Marathon Schedule

I suppose a few more introductory things are in order.

First, my training schedule. I do three “short” runs during the week (T, Th, Sat), and then my long run of the week on Sunday.

For this little list, I’ll put the date of the Sunday long run, how long it is, and then how many miles are run altogether during that week.

4/11 – 7 miles (13 total for the week)
4/18 – 9 miles (19 total)
4/25 – 11 miles (split into two runs) (23)

5/2 – 13 miles (avenue of the giants half marathon) (30)
5/9 – 14 miles (33)
5/16 – 10 miles (30)

5/23 – 16 miles (38)
5/30 – 17 miles (39)
6/6 – 12 miles (35)

6/13 – 18 miles (42)
6/20 – 20 miles (47)
6/27 – 12 miles (31)

7/4 – 20 miles (47)
7/11 – 12 miles (begin taper here) (30)
7/18 – 8 miles (22)

7/25 – RACE! (8 miles leading up to the race)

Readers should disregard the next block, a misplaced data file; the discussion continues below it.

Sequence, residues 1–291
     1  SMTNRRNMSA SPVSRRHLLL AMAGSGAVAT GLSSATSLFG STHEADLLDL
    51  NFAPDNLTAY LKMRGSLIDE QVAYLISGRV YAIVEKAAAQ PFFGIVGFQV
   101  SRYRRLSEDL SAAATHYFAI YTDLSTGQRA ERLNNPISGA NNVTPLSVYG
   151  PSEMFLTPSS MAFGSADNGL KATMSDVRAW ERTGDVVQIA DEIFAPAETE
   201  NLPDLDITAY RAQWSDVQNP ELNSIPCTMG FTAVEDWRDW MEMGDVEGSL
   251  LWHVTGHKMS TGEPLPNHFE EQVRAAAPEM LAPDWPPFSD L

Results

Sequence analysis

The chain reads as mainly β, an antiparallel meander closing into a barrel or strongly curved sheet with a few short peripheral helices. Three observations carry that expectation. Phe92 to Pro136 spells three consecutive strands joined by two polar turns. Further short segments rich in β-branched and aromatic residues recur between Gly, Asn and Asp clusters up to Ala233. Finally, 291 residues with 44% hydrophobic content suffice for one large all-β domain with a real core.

A few brief words on the training schedule. Note the Sunday runs: increase, increase, step back. Increase, increase, step back. The idea behind this is to build up, but give yourself a week to rest, every now and again.

I try to get the big miles done on Thursday, Tuesdays are generally a bit of a recovery day for me. For example, the week of 5/16 has me running 5 miles on Tuesday, 8 on Thursday, and 7 on Saturday, before the 10 miler on Sunday.

I never run more than 7 miles on a Tuesday (even when the mileage is really high), and go up to 10 miles on Thursdays and Saturdays.

Saturdays, or any day of running THE DAY BEFORE the long run is important to PUSH. I run [about 80% of] them at “race pace,” that is to say, if I think I’m going to be running 8 minute miles in the race (which is my current goal), I’m doing my Saturday run at that pace. The point of this is to tire the body out, so that when you do the long run the next day, you are forcing yourself to conserve energy. It’s super important to take your long runs at a slower pace. What’s important is the mileage on these runs, not your speed.

I’m generally doing two days of cross training (yoga on Mondays, weights or swimming on Wednesdays), and take Fridays off.

For more detailed information on Marathon Scheduling, Hal Higdon has an amazing comprehensive guide that you can find here.

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